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Solving Crochet Gauge Problems: Why Getting It Right Matters

If you’ve made it this far, you’re already halfway there to solving your gauge problems. Creating a gauge swatch is an important step that many people skip and it leaves them wondering why something didn’t fit. The gauge swatch information, if necessary, is given in the pattern so you will be able to make a product that fits and looks like the designer intended.

Gauge is the number of stitches per inch and rows per inch that result with the specified yarn and hook combination. Keep in mind that everybody crochets differently; some work loosely and others work very tightly. As you can imagine, this results in very different size swatches.

Begin by working a swatch with the specified combination of yarn and hook. The pattern will tell you the stitches to work, how many and also how many rows you’ll need to do. Be sure to measure in a well lit area so you can really see your stitches. If you have more stitches per inch than the pattern calls for, go up a hook size and try again. Alternately, if you are short stitches, go down a hook size.

You will also need to be sure that your row count is correct. If you have two few rows per inch, your finished project will be too short. Too many, and your project will be too long. Once you have the correct number of stitches per row, check your row count. Adjusting your row count can be done with the same size hook, as the error is often in the height of your stitches. To adjust the height of your stitches, you’ll need to adjust the draw of your technique. This means that when you are inserting the hook to make your next stitch, adjust how much yarn you draw up. If your row count comes up short, that means your stitches aren’t tall enough so you’ll need to draw up slightly more yarn. This will make your stitch slightly taller. If you have too many rows, make this draw slightly tighter. This is basically a matter of tension, and with practice, you’ll become a pro at making your stitches even and consistent throughout patterns and even between patterns.

Once you become familiar with your crocheting style, you’ll be able to make a well-reasoned and educated guess at what size hook you’ll need to obtain gauge. For instance, I know that I tend to crochet a bit loose with worsted weight yarns. As a result, I’ve learned through experience to start my gauge swatch with a hook one size smaller than suggested.

Don’t forget that the swatch is there for you to get your trial-and-error out of the way before you start work on your big project.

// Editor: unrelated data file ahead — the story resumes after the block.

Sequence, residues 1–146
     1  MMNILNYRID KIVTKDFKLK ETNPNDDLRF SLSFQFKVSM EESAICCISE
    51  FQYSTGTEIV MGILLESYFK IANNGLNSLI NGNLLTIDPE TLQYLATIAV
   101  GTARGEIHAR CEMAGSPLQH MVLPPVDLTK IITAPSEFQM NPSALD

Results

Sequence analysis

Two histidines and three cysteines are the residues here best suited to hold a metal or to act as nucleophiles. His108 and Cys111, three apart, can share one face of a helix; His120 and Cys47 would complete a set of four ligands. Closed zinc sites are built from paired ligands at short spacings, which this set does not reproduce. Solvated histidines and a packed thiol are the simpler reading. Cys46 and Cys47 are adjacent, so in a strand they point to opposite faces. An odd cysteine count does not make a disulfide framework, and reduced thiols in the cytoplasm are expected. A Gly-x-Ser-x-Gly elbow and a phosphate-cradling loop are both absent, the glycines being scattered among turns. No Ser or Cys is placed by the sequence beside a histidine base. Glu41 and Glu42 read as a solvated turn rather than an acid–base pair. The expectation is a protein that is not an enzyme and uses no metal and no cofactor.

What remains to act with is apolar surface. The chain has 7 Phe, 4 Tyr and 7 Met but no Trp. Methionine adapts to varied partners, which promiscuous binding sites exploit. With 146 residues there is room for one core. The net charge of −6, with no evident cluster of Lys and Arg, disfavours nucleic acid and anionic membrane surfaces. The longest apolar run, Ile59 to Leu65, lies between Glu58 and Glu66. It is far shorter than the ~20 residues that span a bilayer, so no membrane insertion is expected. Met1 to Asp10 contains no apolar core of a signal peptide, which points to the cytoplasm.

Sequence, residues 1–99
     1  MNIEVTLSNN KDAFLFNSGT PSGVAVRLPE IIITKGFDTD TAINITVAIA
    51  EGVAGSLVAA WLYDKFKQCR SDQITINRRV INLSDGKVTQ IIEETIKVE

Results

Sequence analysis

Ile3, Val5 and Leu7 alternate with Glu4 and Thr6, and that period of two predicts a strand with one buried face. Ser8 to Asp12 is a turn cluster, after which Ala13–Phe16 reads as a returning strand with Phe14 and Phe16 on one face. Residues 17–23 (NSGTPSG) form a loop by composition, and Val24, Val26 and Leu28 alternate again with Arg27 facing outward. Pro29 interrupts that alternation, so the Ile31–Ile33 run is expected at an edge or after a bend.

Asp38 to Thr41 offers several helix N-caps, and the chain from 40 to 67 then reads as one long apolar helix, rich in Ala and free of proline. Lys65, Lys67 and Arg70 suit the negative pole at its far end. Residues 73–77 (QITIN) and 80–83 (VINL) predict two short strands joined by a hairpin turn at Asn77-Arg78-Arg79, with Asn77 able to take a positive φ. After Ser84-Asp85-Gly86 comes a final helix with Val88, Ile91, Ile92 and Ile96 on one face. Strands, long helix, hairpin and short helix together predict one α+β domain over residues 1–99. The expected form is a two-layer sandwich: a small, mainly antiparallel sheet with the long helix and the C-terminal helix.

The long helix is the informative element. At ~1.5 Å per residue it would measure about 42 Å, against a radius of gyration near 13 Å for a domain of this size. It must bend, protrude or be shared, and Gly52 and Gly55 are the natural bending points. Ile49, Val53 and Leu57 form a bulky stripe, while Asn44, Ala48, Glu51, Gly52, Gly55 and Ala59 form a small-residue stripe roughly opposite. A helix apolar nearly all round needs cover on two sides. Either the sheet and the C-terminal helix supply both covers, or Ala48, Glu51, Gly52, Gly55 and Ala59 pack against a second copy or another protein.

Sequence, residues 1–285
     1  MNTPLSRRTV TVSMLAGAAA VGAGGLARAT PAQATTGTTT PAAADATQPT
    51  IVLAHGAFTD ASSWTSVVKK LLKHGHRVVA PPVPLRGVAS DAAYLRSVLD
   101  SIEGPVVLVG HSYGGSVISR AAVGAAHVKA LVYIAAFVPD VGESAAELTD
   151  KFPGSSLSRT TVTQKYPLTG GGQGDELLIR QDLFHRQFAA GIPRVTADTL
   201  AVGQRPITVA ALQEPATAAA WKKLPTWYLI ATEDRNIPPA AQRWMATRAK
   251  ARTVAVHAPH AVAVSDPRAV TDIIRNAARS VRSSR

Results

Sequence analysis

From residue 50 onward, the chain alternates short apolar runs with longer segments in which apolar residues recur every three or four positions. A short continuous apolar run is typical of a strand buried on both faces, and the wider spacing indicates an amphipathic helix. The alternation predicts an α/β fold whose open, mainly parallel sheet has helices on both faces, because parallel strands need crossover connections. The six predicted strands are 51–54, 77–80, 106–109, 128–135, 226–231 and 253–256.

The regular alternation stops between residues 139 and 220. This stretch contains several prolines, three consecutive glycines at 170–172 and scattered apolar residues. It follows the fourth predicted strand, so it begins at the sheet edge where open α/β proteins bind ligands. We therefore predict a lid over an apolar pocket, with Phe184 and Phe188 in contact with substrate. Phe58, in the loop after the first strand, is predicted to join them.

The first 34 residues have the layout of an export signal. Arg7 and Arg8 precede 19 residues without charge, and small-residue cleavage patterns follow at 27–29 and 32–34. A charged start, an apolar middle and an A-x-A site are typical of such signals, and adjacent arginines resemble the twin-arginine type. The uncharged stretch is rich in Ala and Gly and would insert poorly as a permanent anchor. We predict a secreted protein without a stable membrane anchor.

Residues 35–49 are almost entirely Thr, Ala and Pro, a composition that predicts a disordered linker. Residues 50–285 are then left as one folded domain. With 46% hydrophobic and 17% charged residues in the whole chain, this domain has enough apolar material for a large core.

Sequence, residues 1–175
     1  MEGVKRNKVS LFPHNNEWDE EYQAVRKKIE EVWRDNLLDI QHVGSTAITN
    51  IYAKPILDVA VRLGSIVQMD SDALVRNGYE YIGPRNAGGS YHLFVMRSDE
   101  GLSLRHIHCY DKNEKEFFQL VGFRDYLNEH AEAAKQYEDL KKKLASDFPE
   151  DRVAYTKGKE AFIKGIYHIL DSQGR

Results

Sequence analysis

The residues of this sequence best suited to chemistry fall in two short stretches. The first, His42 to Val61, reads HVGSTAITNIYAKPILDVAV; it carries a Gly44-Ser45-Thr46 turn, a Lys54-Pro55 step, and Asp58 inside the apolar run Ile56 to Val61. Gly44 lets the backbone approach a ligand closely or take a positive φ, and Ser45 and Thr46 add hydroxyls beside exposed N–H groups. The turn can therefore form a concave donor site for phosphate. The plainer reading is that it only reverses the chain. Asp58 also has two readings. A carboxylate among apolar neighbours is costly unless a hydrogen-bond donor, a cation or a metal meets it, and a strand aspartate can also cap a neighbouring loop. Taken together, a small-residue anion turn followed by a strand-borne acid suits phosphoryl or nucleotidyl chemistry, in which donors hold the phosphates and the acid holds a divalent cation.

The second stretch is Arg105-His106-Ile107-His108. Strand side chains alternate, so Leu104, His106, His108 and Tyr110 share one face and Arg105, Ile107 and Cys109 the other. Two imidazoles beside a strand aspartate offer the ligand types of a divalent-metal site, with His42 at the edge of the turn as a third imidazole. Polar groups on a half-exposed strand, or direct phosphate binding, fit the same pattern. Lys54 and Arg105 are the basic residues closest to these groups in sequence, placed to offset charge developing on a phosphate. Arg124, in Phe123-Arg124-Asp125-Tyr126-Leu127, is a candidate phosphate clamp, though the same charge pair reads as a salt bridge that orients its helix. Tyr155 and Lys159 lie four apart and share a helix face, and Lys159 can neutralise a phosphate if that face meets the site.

Have fun and get swatching!

Have any tips to share?

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  • Dianne U.

    I can relate to Karen H. I NEVER get the guage right, no matter what I’ve tried and I think I’ve tried it all. I had to use double strand of 4weight yarn and a larger hook to get the guage for a sweater I made for my baby nephew. Didn’t like how thick it was, but the darn guage was right! These tips are standard and most of us have tried them. What else can we do if those tips don’t work?

    • Cheryl S.

      You have a good question. I’ll be waiting for an answer with you. It also can be the yarn substitution is not correct.

  • Debbie C.

    Such good advice. I’ve only been crocheting for a few years. I attended a couple of sessions of classes thru our local Rec Department, but the instructor was not very helpful. So started watching you tube videos on stitches I was not familiar with. Reading info like you provide is also very helpful. My swatches are usually true. But, sometimes I need help.

  • I can never get gauge right. Correct stitches and rows, multiple size hooks and my swatch is never the right size.

  • Rosemarie L.

    Great info. I learned that I am what is technically called a “yanker”…meaning I crochet too tight, essentially yanking on the yarn as a crochet. I have learned to generally go up a full hook size but I am definitely married to the gauge swatch to double check. Hard lesson learned through experience.

  • I usually have to go up two sizes, so I do the swatch at least one size larger than the suggested size for the yarn. I’m currently doing a project with weight 2 yarn and using an I hook to get the guage.


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